The Warehouse Sends Tents back to China


The Warehouse managed to get loads of publicity about the story of getting a request from the Chinese Embassy, recalling their tent stock from the branches and selling them to the Chinese at a substantial discount.

This sort of fits in to my previous story about getting great mileage from a PR opportunity. The NZ Herald gave them a nice story and they even got coverage with TVNZ.

I don’t want to pick on The Warehouse, (note there is no mention on their website, an opportunity missed) they did a nice thing, but lets look at the opportunity from a business and marketing perspective.

First it is autumn and the likelihood of selling more than a handful of the 1200 odd tents before spring is negligable, so they become aged stock, take up valuable room in their stores or their warehouses which costs money.

There are only 1200 of them and they probably paid next to nothing for them. The heavily subsidised price would probably be similar to their FOB and holding cost and the Chinese Embassy probably did them a huge favour.

Wouldn’t it have been better to do a big song and dance about their benevolence and GIVE THEM to China. They can write it off as charitable donations and win huge favour from the Chinese community. The additional business and goodwill they would have generated would far outway the small cost of these items. Now that would be newsworthy!

Bottom line, nice story but could have been far better for them. Also a thought for the people of the Sichuan Province in China. I can’t comprehend the devastation those poor people have suffered. Speaking of PR, what a difference between the way the Chinese Government handled this situation and the disgusting situation in Myanmar.

Myanmar and others needing aid and not getting it


I have a real problem with donating to aid organisations when so often it seems that the military, government, war lords or whomever runs a country has control over whether the aid gets to the people that need it.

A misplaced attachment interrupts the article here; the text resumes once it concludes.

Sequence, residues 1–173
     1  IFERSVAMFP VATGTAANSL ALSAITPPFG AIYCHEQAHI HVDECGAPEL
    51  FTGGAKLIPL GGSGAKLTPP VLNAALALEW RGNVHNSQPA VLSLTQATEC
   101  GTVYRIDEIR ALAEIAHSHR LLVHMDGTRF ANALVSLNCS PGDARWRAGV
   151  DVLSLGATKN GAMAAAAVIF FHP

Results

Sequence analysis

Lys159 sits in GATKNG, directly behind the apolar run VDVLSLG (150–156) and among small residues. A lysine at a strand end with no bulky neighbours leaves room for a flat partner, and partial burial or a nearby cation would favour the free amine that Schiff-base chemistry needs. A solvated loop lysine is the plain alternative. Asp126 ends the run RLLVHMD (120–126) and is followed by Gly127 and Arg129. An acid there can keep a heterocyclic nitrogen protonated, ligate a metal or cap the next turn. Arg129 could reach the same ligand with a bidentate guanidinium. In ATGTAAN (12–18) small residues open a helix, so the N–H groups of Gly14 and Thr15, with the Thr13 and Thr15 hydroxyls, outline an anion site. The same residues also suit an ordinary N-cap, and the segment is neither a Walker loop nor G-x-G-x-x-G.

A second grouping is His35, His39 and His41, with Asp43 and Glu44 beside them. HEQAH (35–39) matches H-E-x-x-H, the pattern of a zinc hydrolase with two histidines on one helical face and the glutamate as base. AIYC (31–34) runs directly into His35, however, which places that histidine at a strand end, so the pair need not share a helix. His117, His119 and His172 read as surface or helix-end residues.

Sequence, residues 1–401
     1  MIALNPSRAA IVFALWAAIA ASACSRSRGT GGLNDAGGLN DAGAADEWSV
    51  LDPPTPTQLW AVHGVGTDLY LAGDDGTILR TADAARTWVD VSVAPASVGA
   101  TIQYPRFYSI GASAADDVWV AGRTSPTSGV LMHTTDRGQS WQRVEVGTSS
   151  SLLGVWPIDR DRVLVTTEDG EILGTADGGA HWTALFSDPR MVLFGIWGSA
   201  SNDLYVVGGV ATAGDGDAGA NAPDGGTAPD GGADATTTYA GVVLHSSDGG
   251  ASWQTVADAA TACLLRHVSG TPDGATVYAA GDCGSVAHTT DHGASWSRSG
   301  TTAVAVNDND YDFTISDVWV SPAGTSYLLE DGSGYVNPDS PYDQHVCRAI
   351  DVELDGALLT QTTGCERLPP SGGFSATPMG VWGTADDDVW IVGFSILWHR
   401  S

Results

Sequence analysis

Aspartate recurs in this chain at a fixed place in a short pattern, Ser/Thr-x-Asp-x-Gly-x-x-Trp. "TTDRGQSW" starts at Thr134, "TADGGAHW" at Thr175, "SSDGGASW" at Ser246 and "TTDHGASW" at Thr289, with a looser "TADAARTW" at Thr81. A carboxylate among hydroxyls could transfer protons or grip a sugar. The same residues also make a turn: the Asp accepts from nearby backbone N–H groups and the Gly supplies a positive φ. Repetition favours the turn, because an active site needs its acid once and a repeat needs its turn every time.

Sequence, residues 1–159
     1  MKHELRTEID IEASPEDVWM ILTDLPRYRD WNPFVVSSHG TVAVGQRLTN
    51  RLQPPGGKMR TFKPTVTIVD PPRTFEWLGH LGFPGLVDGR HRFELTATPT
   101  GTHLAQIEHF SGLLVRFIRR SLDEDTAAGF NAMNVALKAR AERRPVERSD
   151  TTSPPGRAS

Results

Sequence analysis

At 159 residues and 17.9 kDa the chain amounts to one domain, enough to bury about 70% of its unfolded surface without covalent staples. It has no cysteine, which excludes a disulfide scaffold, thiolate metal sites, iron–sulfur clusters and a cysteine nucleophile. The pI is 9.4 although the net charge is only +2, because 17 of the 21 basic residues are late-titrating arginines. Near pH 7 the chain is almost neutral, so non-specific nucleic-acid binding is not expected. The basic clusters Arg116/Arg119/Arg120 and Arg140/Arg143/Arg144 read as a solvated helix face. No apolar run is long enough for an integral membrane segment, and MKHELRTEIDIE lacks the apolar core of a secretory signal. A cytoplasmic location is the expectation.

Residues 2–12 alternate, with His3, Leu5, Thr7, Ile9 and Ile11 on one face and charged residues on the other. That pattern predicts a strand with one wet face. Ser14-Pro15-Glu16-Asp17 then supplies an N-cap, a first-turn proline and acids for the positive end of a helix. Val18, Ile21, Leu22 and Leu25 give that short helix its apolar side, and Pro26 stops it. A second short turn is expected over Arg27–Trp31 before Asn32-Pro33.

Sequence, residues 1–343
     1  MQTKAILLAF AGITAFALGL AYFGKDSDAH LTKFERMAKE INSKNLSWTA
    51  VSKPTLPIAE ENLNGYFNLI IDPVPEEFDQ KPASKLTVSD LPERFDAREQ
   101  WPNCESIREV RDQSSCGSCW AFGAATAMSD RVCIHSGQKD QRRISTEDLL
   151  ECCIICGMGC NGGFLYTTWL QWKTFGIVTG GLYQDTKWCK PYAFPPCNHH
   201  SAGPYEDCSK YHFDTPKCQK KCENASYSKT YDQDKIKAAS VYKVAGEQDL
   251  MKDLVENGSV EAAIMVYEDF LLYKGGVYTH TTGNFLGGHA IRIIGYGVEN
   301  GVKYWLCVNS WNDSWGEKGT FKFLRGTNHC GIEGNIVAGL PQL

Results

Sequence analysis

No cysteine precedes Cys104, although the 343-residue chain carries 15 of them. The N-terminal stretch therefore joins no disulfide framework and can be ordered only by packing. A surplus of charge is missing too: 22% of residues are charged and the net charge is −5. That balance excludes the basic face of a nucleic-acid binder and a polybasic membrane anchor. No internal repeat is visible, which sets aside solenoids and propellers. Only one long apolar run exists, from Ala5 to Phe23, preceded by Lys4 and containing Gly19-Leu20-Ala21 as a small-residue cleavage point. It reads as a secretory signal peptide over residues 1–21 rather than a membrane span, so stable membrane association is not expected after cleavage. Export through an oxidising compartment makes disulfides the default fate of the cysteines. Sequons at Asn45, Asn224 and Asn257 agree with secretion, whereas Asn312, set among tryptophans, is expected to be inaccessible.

It was pleasing to hear today that the military rulers have eased restrictions a little on allowing aid workers to send food, blankets, medicine etc into the devastated areas, but I also read that to date only 25% of the people stranded and hopeless have received anything.

On TV I see and hear about stockpiles of donated goods that sit at airports while people are starving, dehydrating and suffering from illness caused by the contaminated water and food. Yesterday I was listening to the latest Digital Planet podcast and they had interviews from people who said a truck arrived in their emergency compound with rescue aids including enough water to supply one family!

So PM Brown is telling the rulers of Myanmar to lift aid restrictions. Big Deal! Didn’t he tell Mugabe to play fair as well, didn’t that make a big difference.

So here’s the thing. We see advertisements on TV all the time about donating funds to all sorts of organisations to send supplies to countries in need. Then on news stories we see evidence of those same supplies stockpiling in warehouses or simply dissapearing between arrival and the people it was supposed to go to. There is a real credibility issue. I don’t mind donating, but I restrict it to charities or organisations that convince me that they are actually doing something. I think most people feel the same way, we don’t mind going without a little if we have evidence that what we are giving genuinely goes to the people who need it, irrespective of their politics or allegiances and doesn’t get enjoyed by people who don’t need it, or who out of their thirst for power allow other people to die of thirst, hunger and malnutrition.

I love programs like Idol Gives Back because they show evidence of results. They seem to show that people are doing better as a consequence and if they were here I would have given some koha (Maori for unconditional gift). But having seen so many examples of the generosity being abused, I generally limit most of my donations to local needs such as Hospice, Child Cancer and the Foundation for the Blind, being charities I trust and where I can see where my money is being spent. This is sad because many possibly very hnest and capable organisations miss out, not because they are doing anything wrong, but because people like the Myanmar Junta stop them from doing their work.